There are a lot of things people don't know about bankruptcy. Misconceptions are abundant, especially with the new law changes that took affect in 2005. If you're confused about what bankruptcy means – and doesn't mean – then check out a few of the things listed below:
Wrong. The fact is, the only criteria to filing for bankruptcy are an inability to pay your debt as it comes due. Actually, waiting until your mortgage company is ready to foreclose to file for bankruptcy leaves you with fewer options to safeguard your financial future.
Wrong. You can begin rebuilding your credit two years after fulfilling your debt requirements under your bankruptcy agreement. Although it will remain on your credit record for ten years, many people can begin to slowly rebuild their credit rating by paying their rent, mortgage and utilities on time; then applying for a low credit limit store credit card; and finally applying for bankruptcy loan when they are ready.
Wrong. Once you begin to rebuild your credit, creditors of all types – including mortgage lenders – will begin to consider lending you money. Your interest rates may be higher, but it is possible to obtain a loan. Sure, it'll take awhile to prove to lenders that you can handle payments again, but it is possible to buy your own home following a bankruptcy.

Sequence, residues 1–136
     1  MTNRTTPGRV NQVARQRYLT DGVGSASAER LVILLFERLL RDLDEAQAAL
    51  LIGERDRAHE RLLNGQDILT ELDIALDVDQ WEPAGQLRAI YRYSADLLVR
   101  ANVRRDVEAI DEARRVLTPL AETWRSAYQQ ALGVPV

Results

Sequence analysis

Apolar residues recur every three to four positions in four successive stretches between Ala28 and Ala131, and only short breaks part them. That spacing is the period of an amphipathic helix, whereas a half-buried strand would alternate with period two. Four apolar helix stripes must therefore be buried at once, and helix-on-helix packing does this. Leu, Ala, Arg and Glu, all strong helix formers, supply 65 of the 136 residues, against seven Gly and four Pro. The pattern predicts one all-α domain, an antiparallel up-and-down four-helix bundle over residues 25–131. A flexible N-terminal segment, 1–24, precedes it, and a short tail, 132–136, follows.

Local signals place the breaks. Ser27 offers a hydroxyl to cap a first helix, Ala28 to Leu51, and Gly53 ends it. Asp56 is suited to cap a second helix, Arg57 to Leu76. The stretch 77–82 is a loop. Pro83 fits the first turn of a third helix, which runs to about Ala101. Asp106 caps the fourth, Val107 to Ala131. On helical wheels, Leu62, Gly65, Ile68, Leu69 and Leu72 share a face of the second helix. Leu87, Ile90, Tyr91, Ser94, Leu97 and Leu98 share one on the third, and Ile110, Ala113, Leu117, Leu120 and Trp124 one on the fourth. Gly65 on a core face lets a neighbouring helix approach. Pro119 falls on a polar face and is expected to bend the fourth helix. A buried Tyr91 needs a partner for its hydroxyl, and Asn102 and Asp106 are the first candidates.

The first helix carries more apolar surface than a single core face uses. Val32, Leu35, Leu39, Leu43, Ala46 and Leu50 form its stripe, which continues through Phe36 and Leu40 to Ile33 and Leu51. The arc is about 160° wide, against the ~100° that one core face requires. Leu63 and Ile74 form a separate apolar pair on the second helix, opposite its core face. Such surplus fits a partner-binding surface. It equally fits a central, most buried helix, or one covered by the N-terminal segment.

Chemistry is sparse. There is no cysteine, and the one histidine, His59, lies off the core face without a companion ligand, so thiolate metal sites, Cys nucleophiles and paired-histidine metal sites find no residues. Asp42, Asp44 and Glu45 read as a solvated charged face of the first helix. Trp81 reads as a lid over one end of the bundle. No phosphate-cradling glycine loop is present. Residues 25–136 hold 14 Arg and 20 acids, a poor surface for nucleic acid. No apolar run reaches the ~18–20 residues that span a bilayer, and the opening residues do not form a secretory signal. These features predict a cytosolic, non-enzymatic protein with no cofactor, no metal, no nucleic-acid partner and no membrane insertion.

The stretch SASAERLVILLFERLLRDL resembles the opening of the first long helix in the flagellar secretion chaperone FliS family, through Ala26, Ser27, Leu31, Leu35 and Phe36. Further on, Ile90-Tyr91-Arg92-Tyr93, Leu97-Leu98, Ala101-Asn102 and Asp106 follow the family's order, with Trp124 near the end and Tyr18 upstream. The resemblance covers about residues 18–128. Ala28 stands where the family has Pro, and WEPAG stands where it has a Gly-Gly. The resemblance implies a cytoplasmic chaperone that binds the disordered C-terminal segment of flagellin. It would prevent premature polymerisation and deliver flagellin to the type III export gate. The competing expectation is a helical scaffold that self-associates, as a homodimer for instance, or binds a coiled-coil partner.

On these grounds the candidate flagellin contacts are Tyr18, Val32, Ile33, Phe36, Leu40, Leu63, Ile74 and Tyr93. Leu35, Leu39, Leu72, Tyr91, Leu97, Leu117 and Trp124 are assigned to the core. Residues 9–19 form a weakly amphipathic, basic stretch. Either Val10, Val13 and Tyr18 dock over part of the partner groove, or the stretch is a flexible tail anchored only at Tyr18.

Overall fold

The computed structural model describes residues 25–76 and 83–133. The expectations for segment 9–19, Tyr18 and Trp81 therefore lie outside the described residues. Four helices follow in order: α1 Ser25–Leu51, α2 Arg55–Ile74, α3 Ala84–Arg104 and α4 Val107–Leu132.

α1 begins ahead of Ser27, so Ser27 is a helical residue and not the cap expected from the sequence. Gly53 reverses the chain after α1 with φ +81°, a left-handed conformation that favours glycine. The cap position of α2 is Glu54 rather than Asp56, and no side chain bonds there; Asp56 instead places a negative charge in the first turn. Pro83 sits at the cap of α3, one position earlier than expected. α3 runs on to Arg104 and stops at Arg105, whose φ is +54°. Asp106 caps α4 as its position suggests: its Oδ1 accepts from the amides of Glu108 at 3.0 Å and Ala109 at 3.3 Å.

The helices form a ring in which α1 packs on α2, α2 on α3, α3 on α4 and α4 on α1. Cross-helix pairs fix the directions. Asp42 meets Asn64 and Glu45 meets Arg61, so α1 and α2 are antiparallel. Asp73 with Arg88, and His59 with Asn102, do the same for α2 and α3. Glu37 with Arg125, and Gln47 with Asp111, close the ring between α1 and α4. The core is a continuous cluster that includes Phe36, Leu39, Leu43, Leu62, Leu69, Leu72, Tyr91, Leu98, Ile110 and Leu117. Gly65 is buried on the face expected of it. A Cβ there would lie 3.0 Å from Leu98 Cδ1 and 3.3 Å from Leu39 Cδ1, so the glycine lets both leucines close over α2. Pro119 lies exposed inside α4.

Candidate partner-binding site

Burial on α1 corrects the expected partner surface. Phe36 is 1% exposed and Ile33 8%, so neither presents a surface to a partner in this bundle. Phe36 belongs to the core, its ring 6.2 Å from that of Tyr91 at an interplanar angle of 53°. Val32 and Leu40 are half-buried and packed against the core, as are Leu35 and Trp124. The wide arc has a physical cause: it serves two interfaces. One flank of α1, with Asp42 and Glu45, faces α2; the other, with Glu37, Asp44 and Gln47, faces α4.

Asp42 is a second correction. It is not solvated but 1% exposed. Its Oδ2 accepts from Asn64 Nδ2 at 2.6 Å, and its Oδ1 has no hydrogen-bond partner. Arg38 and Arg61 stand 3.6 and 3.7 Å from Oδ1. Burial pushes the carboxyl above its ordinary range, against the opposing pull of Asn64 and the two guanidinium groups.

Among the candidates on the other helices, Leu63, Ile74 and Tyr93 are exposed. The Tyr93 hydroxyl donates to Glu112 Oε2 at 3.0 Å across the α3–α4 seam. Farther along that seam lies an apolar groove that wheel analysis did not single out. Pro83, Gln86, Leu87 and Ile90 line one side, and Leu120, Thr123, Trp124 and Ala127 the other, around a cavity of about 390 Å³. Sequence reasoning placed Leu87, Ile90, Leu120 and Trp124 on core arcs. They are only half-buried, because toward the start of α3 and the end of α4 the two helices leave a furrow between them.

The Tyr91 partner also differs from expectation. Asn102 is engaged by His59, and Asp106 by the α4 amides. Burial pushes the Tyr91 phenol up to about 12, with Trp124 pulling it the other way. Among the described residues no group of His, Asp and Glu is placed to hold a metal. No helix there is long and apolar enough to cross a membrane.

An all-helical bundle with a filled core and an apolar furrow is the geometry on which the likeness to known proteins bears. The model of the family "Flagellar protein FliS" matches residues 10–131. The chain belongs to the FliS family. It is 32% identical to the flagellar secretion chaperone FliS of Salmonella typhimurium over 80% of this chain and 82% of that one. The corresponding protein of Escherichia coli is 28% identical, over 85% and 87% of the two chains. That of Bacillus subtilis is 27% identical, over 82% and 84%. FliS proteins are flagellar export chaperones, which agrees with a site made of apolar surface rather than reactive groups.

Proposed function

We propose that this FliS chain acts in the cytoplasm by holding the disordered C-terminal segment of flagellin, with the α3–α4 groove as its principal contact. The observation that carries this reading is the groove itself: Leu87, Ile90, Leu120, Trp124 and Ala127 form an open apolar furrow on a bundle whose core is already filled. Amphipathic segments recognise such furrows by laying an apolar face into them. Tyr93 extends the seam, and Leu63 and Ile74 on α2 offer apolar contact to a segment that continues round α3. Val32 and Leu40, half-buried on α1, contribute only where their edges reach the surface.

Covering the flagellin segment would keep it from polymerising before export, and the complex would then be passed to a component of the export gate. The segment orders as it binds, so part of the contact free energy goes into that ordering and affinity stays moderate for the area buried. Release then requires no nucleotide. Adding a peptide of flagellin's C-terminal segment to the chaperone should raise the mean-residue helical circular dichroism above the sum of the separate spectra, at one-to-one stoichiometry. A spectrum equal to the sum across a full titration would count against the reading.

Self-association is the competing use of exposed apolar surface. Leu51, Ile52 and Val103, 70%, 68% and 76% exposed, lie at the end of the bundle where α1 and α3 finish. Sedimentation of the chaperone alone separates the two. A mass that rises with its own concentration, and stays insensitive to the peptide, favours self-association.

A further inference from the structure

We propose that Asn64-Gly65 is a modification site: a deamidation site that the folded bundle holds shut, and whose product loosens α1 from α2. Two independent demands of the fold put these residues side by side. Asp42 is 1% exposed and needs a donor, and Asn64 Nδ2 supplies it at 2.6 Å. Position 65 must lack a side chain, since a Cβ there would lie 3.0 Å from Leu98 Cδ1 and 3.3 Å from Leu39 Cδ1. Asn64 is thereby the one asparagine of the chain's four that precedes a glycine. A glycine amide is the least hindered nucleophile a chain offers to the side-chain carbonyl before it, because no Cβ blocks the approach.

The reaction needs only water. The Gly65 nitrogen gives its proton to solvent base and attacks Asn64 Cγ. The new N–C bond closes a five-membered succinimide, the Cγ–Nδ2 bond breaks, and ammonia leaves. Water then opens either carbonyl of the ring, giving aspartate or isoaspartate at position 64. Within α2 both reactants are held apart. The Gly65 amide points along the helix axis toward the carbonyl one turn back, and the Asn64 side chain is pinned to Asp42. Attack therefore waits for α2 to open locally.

Wrong. Some are such as personal income taxes that are more than three years old.
This one is generally true, but there are some exceptions. If the debtor can prove certain hardship, student loans may be dischargeable.
Wrong. Although there are extremely limited exceptions, these bankruptcy clauses are unenforceable and are a tactic used to scare debtors into not filing bankruptcy.
Wrong. It is illegal to fire someone for filing for bankruptcy. If, however, you apply for a new job after filing for bankruptcy, a potential employer can use the bankruptcy filing as a factor in deciding whether to hire you or not.
Now that you understand some of the misconceptions surrounding bankruptcy, you'll be better prepared to make an informed decision as to what is best for you and your family.
United States Bankruptcy Courts Each of the 94 federal judicial districts handles bankruptcy matters, and in almost all districts, bankruptcy cases are filed in the bankruptcy court...